What are the differences between Biofuel, Bioethanol, Biodiesel, and Biogas?

Large-scale commercial biogas projects are proving viable globally. Nordic countries such as Norway and Finland are on board with 1/3 of Oslo city buses powered by biogas from sewage.

The Sustainability Co-Op

By Lauren DeMates.

Put simply, biofuel is energy made from living matter, usually plants. Bioethanol, biodiesel, and biogas are types of biofuels. Biofuels are considered renewable energies, emit less than fossil fuels, and have received increasing attention in the transition to a low-carbon economy.

Bioethanol (aka ethanol) is the most well know biofuel and is an alcohol produced from corn, sorghum, potatoes, wheat, sugar cane, even cornstalks and vegetable waste. It is commonly blended with gasoline. However, plants grown specifically for any type of biofuel are not ideal due to the energy required, environmental impacts, and emissions associated with harvest and transport; not to mention the subsequent increase in global food prices. However, bioethanol production in the U.S. (mostly corn) has been increasing since the 1990s. Almost all gasoline currently sold in the U.S. is 10% ethanol due to the Renewable Fuel Standard (RFS), which dictates the amount of renewable fuel that refiners…

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2 thoughts on “What are the differences between Biofuel, Bioethanol, Biodiesel, and Biogas?

  1. We have very good potential to farm the biofuel like Biogas -Methane instead of growing excess material to the market, and save import of fuel by promotion of Biogas all over the country, at very resonable price like 0.5 USD / Kg (pure methane), and should be connected through PNG pipeline.

  2. What is really a biofuels? Bio-fuels are nothing but an additives to petroleum based fuels. Therefore it can never be a substitute to petroleum based fuel oil.
    This Act specifically described and defined Biofuels as Fuel Additives: (Sic)
    SEC. 3. Definition of Terms.
    As used in this Act, the following terms shall be taken to mean as follows:

    d) Biodiesel – shall refer to Fatty Acid Methyl Ester (FAME) or mono-alkyl esters derived from
    vegetable oils or animal fats and other biomass-derived oils that shall be technically proven and approved by the DOE for use in diesel engines, with quality specifications in accordance with the Philippine National Standards (PNS);

    e) Bioethanol Fuel – shall refer to hydrous or anhydrous bioethanol suitably denatured for use as motor fuel, with quality specifications in accordance with the PNS;
    SEC. 5. Mandatory Use of Biofuels. – Pursuant to the above policy, it is hereby mandated that all liquid fuels for motors and engines sold in the Philippines shall contain locally-sourced biofuels components as follows:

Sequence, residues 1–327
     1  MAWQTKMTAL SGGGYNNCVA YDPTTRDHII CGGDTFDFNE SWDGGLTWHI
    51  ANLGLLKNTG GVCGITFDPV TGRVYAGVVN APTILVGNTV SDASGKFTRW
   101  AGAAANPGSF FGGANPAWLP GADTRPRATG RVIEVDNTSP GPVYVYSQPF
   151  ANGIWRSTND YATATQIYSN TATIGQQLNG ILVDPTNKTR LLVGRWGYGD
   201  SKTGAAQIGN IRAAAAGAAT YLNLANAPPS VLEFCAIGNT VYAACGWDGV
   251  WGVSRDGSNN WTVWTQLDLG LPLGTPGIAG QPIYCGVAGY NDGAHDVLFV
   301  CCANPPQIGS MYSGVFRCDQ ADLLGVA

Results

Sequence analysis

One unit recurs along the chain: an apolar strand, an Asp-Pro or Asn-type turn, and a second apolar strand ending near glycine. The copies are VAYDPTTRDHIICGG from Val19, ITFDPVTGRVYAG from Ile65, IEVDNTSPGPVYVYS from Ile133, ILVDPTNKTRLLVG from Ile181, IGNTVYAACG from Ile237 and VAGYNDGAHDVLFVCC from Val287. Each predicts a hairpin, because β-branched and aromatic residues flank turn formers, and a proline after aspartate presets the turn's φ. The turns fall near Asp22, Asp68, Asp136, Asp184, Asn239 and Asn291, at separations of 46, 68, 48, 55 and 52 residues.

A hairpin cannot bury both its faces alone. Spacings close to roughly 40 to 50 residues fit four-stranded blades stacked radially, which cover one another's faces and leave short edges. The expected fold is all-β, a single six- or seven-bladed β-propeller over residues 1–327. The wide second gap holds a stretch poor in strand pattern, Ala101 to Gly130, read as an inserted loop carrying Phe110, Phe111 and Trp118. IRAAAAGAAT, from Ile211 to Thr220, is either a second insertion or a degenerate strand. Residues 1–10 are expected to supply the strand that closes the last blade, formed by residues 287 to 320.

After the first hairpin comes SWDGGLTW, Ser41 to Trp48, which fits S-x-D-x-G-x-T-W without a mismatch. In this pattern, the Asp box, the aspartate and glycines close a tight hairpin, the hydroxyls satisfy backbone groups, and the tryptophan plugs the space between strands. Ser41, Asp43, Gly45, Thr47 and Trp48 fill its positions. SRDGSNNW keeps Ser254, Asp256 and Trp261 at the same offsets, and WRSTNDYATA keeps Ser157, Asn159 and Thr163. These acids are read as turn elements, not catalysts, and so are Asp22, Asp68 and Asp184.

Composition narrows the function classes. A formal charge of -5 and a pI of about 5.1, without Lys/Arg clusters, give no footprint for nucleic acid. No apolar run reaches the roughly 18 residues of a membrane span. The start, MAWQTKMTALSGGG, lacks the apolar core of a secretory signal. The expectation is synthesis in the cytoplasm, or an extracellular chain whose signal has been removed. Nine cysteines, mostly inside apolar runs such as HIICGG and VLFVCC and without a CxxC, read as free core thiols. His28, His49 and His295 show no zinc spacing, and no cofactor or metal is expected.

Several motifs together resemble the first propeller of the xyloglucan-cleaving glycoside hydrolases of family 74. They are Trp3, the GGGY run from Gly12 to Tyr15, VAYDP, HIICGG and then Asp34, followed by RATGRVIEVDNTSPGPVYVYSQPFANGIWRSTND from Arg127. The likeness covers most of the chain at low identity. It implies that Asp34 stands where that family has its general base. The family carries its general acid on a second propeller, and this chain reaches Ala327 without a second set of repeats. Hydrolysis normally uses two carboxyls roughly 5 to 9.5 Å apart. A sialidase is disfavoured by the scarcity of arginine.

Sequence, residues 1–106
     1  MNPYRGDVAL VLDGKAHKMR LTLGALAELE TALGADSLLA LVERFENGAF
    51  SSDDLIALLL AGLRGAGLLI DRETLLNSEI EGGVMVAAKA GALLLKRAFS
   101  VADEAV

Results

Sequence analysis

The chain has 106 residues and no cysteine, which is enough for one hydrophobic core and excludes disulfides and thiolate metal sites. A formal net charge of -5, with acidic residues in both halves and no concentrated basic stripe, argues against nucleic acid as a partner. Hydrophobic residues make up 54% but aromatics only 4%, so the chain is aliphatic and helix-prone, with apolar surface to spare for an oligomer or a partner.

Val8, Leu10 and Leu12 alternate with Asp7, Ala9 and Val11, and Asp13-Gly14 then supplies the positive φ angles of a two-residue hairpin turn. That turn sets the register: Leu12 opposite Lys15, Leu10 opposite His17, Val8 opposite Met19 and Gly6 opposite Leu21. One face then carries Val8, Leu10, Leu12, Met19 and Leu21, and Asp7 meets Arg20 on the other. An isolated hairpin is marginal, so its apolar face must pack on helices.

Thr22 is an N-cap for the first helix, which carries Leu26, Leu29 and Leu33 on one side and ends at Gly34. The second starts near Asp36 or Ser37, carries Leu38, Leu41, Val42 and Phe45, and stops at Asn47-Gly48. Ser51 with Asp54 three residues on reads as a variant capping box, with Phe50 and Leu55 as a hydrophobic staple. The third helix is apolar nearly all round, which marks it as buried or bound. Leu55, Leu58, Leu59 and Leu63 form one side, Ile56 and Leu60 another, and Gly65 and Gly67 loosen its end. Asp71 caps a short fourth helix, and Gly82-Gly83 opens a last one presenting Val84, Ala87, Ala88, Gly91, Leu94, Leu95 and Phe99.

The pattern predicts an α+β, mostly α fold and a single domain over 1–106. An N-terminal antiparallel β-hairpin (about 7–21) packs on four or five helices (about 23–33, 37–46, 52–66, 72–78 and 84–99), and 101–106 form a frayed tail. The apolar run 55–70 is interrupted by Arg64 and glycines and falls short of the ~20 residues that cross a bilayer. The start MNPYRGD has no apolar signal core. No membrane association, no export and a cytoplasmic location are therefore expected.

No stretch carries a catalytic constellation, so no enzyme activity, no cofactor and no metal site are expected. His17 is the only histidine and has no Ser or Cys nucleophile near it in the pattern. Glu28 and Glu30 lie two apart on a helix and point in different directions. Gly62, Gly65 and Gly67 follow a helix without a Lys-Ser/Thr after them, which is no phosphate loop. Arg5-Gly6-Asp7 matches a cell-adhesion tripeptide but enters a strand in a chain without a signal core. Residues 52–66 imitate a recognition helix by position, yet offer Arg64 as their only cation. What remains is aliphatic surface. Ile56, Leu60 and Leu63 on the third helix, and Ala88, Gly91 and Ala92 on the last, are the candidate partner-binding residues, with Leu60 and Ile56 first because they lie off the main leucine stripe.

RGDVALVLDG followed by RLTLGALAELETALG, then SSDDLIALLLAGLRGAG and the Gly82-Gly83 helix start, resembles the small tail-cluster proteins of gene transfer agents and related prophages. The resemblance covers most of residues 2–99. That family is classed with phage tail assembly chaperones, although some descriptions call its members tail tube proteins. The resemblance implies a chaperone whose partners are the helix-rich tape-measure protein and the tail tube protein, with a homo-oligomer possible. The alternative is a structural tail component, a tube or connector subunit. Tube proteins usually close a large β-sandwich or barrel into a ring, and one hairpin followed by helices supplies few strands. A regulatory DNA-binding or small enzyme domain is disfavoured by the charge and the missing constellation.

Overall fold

5.1 Within two (2) years from the effectivity of this Act, at least five percent (5%) bioethanol shall comprise the annual total volume of gasoline fuel actually sold and distributed by each and every oil company in the country, subject to the requirement that all bioethanol blended gasoline shall contain a minimum of five percent (5%) bioethanol fuel by volume: Provided, That the ethanol blend conforms to PNS.
    5.3 Within three (3) months from the effectivity of this Act, a minimum of one percent (1%) biodiesel by volume shall be blended into all diesel engine fuels sold in the country: Provided, That the biodiesel blend conforms to PNS for biodiesel.
    Within two (2) years from the effectivity of this Act, the NBB created under this Act is empowered to determine the feasibility and thereafter recommend to DOE to mandate a minimum of two percent (2%) blend of biodiesel by volume which may be increased taking into account considerations including but not limited to domestic supply and availability of locally-sourced biodiesel component.

    Bio-gas is a methane gas.

    Wisdom may come late, but it’s seldom never arrives.
    You Want The Truth? Can We Handle The Truth?
    Are we just doing the best that we can? Or we did our best, but our best is not enough!

    FATTY ACID METHYL ESTER [FAME] IFICATION or Trans [ester] ification Transesterification
    In organic chemistry, transesterification is the process of exchanging the alkoxy group of an ester compound by another alcohol. These reactions are often catalyzed by the addition of an acid or base.
    Rancidification is the decomposition of fats and other lipids by hydrolysis and/or oxidation. Hydrolysis will split fatty acid chains away from the glycerol backbone in glycerides. These free fatty acids can then undergo further auto-oxidation. Oxidation primarily occurs with unsaturated fats by a free radical-mediated process.
    Redox (Redirected from Oxidation)
    Redox reactions include all chemical processes in which atoms have their oxidation number (oxidation state) changed.
    This can be a simple redox process, such as the oxidation of carbon to yield carbon dioxide, it could be the reduction of carbon by hydrogen to yield methane (CH4), or a complex process such as the oxidation of sugar in the human body, through a series of very complex electron transfer processes.
    The term redox comes from the two concepts of reduction and oxidation. It can be explained in simple terms:
    Oxidation describes the loss of an electron by a molecule, atom or ion
    Reduction describes the gain of an electron by a molecule, atom or ion
    Combustion of hydrocarbons, e.g. in an internal combustion engine, produces water, carbon dioxide, some partially oxidized forms such as carbon monoxide and heat energy. Complete oxidation of materials containing carbon produces carbon dioxide.

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